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Enough for me : with joy I see
The different doom our fates assign.
Be thine despair, and sceptred care ;
To triumph and to die are mine."
He spoke, and headlong from the mountain's height
Deep in the roaring tide he plunged to endless night.
Of all the thoughts of God that are
Borne inward unto souls afar,
Along the Psalmist's music deep, -
Now tell me if that any
For gift or grace surpassing this, –
“ He giveth his beloved sleep”?
What would we give to our beloved ?
The hero's heart, to be unmoved,-
The poet's star-tuned harp to sweep,
The senate's shout to patriot vows,
The monarch's crown, to light the brows?
" He giveth his beloved sleep!”
What do we give to our beloved ?
A little faith, all undisproved,
A little dust to overweep, —
And bitter memories, to make
The whole earth blasted for our sake!
“He giveth his beloved sleep!”
Sleep soft, beloved ! ” we sometimes say, But have no tune to charm away
Sad dreams, that through the eyelids creep.
But never doleful dream again
Shall break the happy slumber, wher
“He giveth his belovèd sleep!”
O earth, so full of dreary noises !
O men, with wailing in your voices !
O delvèd gold, the wailer's heap !
O strife, O curse, that o'er it fall!
God makes a silence through you all,
And“ giveth his beloved sleep!”
His dews drop mutely on the hill,
His cloud above it saileth still ;
Though on its slope men toil and reap,
More softly than the dew is shed,
Or cloud is floated overhead,
“He giveth his beloved sleep."
Yea, men may wonder, while they scan
A living, thinking, feeling man
In such a rest his heart to keep ;
But angels say,
- and through the word
I ween their blessed smile is heard, -
“He giveth his beloved sleep!”
For me, my heart, that erst did go
Most like a tired child at a show,
That sees through tears the juggler's leap,
Would now its weary vision close,
Would, childlike, on his love repose,
“Who giveth his beloved sleep!”
And friends! dear friends! - when it shall
That this low breath is gone from me,
And round my bier ye come to weep,
Let one, most loving of you all,
Say, “ Not a tear must o'er her fall,
• He giveth his beloved sleep!'"
O SACRED Providence, who, from end to end,
Strongly and sweetly movest! shall I write,
And not of thee, through whom my fingers bend
To hold my quill? Shall they not do thee right?
Of all the creatures, both in sea and land,
Only to man thou hast made known thy ways,
And put the pen
alone into his hand, And made him secretary of thy praise.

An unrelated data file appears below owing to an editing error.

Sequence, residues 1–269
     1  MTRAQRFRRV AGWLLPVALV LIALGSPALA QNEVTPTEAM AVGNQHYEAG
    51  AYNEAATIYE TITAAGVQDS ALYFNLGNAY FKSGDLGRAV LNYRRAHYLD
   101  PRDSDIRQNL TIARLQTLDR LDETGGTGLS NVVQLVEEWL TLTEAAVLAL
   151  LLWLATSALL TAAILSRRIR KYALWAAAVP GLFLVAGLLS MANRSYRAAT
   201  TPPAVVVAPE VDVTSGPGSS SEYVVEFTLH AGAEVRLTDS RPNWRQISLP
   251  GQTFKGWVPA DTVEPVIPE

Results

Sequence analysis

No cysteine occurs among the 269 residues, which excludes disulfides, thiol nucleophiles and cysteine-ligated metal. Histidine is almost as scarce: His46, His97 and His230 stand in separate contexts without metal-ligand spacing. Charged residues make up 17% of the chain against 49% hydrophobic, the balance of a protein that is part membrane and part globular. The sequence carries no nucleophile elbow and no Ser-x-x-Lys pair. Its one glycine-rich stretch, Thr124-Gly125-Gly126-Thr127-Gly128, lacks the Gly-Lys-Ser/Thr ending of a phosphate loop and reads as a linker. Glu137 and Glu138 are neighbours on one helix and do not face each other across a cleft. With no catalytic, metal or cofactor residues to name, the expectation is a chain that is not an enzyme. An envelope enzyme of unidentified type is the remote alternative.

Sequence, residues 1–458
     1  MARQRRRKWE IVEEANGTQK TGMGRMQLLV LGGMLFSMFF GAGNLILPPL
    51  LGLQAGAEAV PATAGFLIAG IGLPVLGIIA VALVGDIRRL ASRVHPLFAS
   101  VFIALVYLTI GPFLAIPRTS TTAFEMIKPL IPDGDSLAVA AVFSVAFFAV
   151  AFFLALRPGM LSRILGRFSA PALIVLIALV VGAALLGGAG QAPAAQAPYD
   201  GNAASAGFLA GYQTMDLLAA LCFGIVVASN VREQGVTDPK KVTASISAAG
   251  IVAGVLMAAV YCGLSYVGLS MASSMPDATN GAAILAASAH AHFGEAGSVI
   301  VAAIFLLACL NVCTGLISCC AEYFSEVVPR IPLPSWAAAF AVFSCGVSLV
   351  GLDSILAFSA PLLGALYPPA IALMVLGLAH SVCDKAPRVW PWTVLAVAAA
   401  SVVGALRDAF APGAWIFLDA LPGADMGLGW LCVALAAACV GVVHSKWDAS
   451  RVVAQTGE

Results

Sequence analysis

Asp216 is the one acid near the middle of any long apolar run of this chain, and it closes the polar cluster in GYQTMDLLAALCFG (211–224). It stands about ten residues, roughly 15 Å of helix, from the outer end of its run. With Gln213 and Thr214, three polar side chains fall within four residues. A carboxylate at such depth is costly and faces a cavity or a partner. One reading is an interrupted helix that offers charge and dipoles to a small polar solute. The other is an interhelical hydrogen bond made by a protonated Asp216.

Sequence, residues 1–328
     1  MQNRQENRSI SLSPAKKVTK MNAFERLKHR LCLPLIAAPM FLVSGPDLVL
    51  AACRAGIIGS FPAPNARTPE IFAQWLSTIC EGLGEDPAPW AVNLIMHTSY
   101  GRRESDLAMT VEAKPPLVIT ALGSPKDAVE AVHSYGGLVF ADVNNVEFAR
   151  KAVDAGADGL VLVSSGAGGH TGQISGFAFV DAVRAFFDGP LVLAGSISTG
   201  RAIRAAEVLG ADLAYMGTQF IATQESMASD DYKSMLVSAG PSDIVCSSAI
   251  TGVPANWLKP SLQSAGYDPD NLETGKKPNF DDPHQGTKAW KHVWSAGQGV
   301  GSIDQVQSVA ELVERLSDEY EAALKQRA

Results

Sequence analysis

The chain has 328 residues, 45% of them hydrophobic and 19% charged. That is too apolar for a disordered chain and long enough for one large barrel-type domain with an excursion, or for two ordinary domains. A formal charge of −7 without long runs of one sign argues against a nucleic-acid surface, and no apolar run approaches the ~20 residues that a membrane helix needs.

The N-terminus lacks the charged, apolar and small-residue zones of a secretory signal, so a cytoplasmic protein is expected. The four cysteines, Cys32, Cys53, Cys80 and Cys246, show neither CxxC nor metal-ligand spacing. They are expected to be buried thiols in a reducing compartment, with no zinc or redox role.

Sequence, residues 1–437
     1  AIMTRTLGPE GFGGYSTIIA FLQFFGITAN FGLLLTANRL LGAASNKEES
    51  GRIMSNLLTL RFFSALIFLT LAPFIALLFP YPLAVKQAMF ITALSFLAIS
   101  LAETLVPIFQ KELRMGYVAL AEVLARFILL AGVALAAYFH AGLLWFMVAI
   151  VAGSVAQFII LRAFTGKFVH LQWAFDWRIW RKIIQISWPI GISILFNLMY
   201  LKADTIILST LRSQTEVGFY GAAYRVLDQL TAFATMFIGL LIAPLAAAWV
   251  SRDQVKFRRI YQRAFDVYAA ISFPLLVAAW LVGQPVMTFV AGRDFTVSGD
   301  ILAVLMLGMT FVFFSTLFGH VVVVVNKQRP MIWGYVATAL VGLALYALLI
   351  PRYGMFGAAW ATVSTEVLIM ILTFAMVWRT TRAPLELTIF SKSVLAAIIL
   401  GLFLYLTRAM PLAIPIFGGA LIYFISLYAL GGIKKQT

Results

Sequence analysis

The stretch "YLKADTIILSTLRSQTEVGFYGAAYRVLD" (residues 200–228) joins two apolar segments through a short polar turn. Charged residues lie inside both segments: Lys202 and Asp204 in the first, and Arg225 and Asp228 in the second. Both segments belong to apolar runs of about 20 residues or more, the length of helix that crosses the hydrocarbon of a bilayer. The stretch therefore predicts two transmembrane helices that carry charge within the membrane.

Beasts fain would sing; birds ditty to their notes ;
Trees would be tuning on their native lute
To thy renown: but all their hands and throats
Are brought to man, while they are lame and mute.
Man is the world's high priest ; he doth present
The sacrifice for all ; while they below
Unto the service mutter an assent,
Such as springs use that fall, and winds that blow.
Tempests are calm to thee; they know thy hand,
And hold it fast, as children do their father's,
and follow. Thou hast made poor sand Check the proud sea, even when it swells and gathers.
How finely dost thou times and seasons spin,
And make a twist checkered with night and day!
Which, as it lengthens, winds, and winds us in,
As bowls go on, but turning all the way.
Each creature hath a wisdom for his good :
The pigeons feed their tender offspring, crying,
When they are callow; but withdraw their food,
When they are fledged, that need may teach 'em
Bees work for man, and yet they never bruise
Their master's flower, but leave it, having done,
As fair as ever, and as fit to use :
So both the flower doth stay, and honey run.
Who hath the virtue to express the rare
And curious virtues both of herbs and stones ?
Is there an herb for that? O, that thy care
Would show a root that gives expressions !
E'en poisons praise thee. Should a thing be lost? Should creatures want, for want of heed,
their due ? Since where are poisons, antidotes are most; The help stands close, and kceps the fear in view.
The sea, which seems to stop the traveller,
Is by a ship the speedier passage made;
The winds, who think they rule the mariner,
Are ruled by him, and taught to serve his trade.
And as thy house is full, so I adore
Thy curious art in marshalling thy goods.
The hills with health abound, the vales, with store ;
The south, with marble; north, with furs and woods.
All countries have enough to serve their need :
If they seek fine things,
thou dost make them run For their offence; and then dost turn their speed To be commerce and trade from sun to sun.
Sometimes thou dost divide thy gifts to man,
Sometimes unite. The Indian nut alone
Is clothing, meat and trencher, drink and can,
Boat, cable, sail and needle, all in one.
But who hath praise enough? Nay, who hath any ?
None can express thy works, but he that knows them;
And none can know thy works, which are so many
And so completc, but only he that owns them.
All things that are, though they have several ways,
Yet in their being join with one advice
To honor thee; and so I give thee praise
In all my other hymns, but in this twice.
Each thing that is, although in use and name
It go for one, hath many ways
To honor thee : and so each hymn thy fame
Extolleth many ways ; yet this, one more.
From her couch of snows,
In the Acroceraunian mountains,
From cloud and from crag,
With many a jag,
Shepherding her bright fountains.